Searching over 5,500,000 cases.


searching
Buy This Entire Record For $7.95

Official citation and/or docket number and footnotes (if any) for this case available with purchase.

Learn more about what you receive with purchase of this case.

Christopher Lindsay v. Yolanda Fryson

IN THE UNITED STATES DISTRICT COURT FOR THE EASTERN DISTRICT OF CALIFORNIA


July 5, 2012

CHRISTOPHER LINDSAY, PLAINTIFF,
v.
YOLANDA FRYSON, INDIVIDUALLY AND IN OFFICIAL CAPACITY AS SOCIAL WORKER; YUBA CITY CHILD PROTECTIVE SERVICES,*FN1 DEFENDANTS.

The opinion of the court was delivered by: Kendall J. Newman United States Magistrate Judge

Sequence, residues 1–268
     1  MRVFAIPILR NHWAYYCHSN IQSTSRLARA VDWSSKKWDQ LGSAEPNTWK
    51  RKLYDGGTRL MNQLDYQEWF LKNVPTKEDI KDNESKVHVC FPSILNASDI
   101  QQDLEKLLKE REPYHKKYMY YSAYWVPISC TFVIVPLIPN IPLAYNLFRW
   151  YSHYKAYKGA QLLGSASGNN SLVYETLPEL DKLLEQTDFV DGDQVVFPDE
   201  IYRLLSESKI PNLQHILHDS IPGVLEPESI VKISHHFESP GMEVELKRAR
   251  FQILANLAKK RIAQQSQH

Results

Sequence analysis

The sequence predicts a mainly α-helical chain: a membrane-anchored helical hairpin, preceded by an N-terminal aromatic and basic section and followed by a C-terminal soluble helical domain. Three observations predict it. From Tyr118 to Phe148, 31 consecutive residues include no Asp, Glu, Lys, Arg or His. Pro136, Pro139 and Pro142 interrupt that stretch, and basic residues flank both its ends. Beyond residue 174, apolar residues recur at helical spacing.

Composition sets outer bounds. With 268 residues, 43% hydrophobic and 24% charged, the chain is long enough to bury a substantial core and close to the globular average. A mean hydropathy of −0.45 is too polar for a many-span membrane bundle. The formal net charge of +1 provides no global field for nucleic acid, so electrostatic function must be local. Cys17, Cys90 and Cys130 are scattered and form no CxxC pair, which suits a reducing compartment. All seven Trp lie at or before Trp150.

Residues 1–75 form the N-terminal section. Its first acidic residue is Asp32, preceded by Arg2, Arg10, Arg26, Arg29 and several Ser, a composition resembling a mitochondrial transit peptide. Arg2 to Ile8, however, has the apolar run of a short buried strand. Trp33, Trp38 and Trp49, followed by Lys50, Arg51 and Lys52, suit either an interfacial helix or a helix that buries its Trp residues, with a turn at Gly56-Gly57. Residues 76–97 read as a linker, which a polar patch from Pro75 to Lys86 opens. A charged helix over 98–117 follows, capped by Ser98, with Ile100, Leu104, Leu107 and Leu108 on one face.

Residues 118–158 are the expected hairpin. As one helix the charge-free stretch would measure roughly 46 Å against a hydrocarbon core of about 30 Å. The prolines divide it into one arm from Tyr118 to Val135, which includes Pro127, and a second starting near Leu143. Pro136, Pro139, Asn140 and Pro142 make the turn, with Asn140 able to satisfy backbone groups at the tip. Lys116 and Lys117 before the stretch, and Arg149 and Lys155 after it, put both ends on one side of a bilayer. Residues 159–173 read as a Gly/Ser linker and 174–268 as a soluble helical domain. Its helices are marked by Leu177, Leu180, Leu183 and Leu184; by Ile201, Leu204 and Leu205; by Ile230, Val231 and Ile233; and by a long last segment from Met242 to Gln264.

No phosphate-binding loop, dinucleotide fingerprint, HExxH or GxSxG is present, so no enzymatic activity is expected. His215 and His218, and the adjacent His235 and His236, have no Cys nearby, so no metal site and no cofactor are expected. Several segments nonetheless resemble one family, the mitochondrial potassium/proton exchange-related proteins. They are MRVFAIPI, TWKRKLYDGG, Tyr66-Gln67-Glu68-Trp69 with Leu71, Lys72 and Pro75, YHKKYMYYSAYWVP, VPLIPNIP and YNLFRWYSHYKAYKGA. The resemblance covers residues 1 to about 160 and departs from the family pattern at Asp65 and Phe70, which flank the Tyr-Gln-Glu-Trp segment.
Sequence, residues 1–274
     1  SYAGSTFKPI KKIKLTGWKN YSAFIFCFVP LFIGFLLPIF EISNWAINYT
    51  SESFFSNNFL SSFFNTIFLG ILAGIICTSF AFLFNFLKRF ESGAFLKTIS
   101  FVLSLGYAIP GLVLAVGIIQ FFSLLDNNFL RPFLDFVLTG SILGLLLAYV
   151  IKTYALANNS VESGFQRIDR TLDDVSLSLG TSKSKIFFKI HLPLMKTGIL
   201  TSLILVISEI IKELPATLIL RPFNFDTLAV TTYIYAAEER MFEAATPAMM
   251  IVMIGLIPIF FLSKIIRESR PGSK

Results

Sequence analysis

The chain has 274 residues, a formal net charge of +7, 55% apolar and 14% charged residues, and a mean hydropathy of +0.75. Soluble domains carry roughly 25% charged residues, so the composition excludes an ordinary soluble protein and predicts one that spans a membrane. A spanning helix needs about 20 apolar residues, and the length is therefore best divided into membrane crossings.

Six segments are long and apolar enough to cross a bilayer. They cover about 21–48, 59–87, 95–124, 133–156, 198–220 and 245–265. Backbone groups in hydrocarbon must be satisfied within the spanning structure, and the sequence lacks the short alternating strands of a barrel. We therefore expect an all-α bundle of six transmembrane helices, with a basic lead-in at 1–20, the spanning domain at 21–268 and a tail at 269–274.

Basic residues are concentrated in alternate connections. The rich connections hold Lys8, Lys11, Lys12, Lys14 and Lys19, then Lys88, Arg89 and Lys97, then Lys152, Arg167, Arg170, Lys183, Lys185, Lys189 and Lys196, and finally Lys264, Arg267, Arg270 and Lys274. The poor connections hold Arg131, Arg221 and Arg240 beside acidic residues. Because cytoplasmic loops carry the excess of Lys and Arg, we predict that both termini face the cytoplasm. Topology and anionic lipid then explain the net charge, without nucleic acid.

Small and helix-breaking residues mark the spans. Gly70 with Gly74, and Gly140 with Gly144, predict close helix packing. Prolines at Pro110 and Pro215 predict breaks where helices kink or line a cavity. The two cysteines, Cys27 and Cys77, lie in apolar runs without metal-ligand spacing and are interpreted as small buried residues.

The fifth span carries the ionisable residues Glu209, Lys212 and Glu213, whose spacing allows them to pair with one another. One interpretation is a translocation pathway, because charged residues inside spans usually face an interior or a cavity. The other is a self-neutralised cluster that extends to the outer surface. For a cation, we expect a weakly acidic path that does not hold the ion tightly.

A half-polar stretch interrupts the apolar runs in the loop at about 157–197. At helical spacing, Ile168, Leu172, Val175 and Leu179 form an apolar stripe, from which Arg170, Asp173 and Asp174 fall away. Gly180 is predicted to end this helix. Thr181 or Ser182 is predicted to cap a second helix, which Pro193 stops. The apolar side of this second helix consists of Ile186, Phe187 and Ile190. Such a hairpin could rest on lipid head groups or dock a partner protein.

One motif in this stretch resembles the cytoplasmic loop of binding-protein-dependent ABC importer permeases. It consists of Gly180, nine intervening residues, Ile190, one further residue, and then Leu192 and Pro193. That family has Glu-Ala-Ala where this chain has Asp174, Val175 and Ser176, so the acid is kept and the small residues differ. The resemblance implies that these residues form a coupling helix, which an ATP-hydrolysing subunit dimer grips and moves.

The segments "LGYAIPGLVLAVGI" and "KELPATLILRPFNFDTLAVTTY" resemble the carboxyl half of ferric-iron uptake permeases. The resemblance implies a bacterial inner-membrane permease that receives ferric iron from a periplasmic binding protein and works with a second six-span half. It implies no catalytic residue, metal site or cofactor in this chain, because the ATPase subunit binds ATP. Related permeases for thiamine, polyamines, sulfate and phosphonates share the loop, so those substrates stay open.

ORDER and FINDINGS AND RECOMMENDATIONS

Presently before the court are defendant County of Yuba's ("County") motions to dismiss plaintiff's Third Amended Complaint and for a more definite statement, filed pursuant to Federal Rules of Civil Procedure 12(b)(6) and 12(e), respectively (Dkt. No. 41).*fn2 Because oral argument would not materially aid the resolution of the pending motions, this matter is submitted on the briefs and record without a hearing. See Fed. R. Civ. P. 78(b); E. Dist. Local Rule 230(g). The undersigned has considered the briefs and appropriate portions of the record in this case and, for the reasons stated below, recommends that the County's motion to dismiss be granted in part and denied in part.